It was very windy and there weren't many birds but a Short-eared Owl, flushed by a dog walker, was the best on offer. Back at Ferrybridge we found a handful of Brent geese, 15 Mediterranean Gulls and this Ketrel, which hovered in the wind just a short distance from us.

Kestrel

Mediterranean Gull, Ferrybridge

Mediterranean Gull, Ferrybridge

Brent Geese, Ferrybridge

The Red-necked Grebe was a brilliant end to the day.

Wednesday, 22 November 2017

Plume-toed Swiftlet...

It looks as if the Glossy Swiftlet's I saw in Malaysia last year have now been split (along with 9 other new species), following MDNA analysis of this broad ranging species. The species found in Peninsula Malaysia (as well as Borneo, Sumatra, Natuna and the Andaman and Nicobar Islands) has been renamed Plume-toed Swiftlet Collocalia affinis according to findings published here by the ICO.


Plume-toed Swiflets, Bukit Fraser
Unfortunately the differences between the new 'splits' are not obvious in the field. Such is the complexity of birding in modern times.

Straw-headed Bulbul.... still cause for concern

It seems the plight of this beautiful species is still a huge cause for concern. This article was published today:

https://www.rarebirdalert.co.uk/v2/Content/TRAFFIC-The-straw-that-broke-the-bulbuls-back.aspx?s_id=677110241

My original post on the subject can be seen here:

http://threecountieswildlife.blogspot.co.uk/2017/02/straw-headed-bulbula-closer-look.html?m=0

Monday, 20 November 2017

Finches...

2017 will be remembered by birders for many things, not least the current Hawfinch invasion that's taking place throughout the country due to a shortage of food in other parts of Europe. Hawfinches are an impressive species, our largest finch. These normally scarce, shy species are appearing anywhere and everywhere at the moment, including around the village where I live. I'm still seeing one bird fairly regularly in the mornings as it pitches-up on top of a tree at the rear of the house before calling and departing to wherever it's feeding during the day. Despite extensive searching, I haven't found out where that is yet.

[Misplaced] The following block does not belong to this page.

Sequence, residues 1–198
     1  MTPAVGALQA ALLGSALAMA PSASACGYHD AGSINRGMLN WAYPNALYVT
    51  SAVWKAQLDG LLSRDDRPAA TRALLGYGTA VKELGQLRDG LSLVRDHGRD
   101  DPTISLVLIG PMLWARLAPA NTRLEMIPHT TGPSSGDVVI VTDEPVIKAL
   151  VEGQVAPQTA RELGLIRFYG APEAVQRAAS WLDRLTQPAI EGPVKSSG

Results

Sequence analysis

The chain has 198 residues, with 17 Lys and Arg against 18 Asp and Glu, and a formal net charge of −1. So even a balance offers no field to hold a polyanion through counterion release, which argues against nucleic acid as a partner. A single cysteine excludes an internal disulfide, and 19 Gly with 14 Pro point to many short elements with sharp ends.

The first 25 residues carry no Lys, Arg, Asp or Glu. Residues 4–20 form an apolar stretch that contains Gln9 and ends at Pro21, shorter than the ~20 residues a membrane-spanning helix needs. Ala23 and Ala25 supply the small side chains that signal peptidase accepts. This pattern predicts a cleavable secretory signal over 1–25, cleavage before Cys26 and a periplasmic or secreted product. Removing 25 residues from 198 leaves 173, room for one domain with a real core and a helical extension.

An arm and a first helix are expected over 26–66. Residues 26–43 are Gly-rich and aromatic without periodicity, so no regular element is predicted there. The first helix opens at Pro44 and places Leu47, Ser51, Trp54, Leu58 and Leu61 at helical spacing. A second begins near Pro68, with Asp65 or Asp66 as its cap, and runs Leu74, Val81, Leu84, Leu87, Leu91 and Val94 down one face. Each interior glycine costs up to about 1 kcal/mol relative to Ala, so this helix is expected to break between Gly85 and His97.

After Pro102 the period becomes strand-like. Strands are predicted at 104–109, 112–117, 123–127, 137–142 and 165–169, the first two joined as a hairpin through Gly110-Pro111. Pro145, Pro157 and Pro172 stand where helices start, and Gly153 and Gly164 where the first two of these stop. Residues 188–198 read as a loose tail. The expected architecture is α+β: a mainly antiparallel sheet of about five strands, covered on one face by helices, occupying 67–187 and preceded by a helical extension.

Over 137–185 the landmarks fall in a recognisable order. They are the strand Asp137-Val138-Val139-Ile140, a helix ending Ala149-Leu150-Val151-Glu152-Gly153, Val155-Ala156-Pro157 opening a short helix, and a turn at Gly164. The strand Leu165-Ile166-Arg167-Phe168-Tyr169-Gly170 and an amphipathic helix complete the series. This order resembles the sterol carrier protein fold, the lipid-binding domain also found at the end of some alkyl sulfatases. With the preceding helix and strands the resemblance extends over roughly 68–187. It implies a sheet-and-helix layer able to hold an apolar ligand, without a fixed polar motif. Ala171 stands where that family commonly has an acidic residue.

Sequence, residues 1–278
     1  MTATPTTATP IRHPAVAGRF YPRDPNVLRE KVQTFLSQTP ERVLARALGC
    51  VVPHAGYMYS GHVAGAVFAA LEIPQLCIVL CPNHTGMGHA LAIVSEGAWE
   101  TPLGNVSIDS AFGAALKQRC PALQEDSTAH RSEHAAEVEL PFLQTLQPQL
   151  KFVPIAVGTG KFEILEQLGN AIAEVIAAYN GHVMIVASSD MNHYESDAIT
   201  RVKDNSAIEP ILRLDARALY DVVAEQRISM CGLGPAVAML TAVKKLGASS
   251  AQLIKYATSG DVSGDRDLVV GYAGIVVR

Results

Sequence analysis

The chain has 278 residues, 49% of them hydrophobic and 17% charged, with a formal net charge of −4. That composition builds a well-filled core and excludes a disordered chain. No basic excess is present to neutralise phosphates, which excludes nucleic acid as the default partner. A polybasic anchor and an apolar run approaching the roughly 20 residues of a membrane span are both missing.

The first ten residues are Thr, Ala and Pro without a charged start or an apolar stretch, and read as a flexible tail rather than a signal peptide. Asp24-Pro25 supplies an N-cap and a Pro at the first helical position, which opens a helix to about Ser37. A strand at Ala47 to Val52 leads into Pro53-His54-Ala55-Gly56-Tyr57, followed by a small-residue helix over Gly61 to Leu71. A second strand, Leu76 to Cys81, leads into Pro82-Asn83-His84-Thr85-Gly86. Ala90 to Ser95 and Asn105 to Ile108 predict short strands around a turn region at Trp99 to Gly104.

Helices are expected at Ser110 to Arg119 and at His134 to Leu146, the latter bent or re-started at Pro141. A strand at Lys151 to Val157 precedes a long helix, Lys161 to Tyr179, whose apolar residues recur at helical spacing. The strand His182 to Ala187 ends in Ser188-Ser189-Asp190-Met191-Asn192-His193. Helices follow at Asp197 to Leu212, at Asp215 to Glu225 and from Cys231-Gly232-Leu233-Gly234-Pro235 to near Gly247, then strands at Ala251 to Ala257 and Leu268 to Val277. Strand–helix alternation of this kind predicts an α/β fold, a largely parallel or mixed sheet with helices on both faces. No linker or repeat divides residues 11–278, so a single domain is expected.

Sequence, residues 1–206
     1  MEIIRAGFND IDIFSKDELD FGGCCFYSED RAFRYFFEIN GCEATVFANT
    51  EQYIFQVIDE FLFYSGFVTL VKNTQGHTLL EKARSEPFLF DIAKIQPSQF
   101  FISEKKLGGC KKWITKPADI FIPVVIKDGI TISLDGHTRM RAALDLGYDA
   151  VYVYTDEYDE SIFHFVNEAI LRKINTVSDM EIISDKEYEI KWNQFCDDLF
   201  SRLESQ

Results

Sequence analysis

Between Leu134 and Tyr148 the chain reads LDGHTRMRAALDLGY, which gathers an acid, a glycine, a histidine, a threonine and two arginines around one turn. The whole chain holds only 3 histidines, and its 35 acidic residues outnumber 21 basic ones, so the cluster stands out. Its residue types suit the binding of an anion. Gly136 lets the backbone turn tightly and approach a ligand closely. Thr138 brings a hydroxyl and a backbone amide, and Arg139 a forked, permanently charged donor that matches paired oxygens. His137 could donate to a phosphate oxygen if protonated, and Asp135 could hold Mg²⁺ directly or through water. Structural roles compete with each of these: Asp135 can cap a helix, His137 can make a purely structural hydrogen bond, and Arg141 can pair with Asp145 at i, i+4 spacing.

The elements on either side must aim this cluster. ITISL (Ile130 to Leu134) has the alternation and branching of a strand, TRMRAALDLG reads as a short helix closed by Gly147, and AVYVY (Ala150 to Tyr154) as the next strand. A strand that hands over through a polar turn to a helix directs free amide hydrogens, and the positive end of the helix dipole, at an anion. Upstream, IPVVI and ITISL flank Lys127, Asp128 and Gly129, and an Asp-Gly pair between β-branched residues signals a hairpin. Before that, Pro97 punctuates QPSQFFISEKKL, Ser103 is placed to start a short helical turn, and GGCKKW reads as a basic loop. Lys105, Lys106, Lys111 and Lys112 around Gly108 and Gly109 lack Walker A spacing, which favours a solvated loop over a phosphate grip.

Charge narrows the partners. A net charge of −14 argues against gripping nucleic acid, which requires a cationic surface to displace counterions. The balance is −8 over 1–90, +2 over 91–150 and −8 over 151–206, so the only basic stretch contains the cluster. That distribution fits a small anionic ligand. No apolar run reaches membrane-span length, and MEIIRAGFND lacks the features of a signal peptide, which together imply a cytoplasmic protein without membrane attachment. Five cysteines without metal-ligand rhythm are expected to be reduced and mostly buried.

Hawfinch, Whitestaunton: R Harris
Hawfinch, Whitestaunton: R Harris

You can never have enough of a good thing, so I went to see the half-a-dozen or so Hawfinches at Shute Church near Axminster just across the Devon border on Saturday morning too. Unfortunately they didn't show well enough for decent photos while I was there but on a walk by the sea with Jacob at Seaton Hole we saw this lovely Little Egret on the edge of the beach. I can remember when these were rare visitors to the UK and I twitched my first at Sutton Bingham Reservoir in the early 80's!

Little Egret, Seaton Hole: R. Harris

Little Egret, Seaton Hole: R. Harris

And it looks like we are experiencing the same phenomenon with other species too. A drive around the Blackdown Hills over the weekend produced around 100 Brambling! In recent years we have struggled to find more than half-a-dozen among the local Chaffinch flocks but this year is a complete reversal of fortunes.

Brambling: R. Harris

Brambling: R. Harris
Brambling: R. Harris
It looks like the weather is going to change a little this week and become wetter and windier but the recent prolonged dry spell has been very welcome and has certainly brought some beautiful November days for a change.

Incredible sunset from Seaton on 17th November


Sunrise from Whitestaunton at 07:30 on 18th Nov
was incredibly pink/purple to begin with...

...before turning a fiery orange 5 minutes later
All photos in this post taken with the Nikon P900.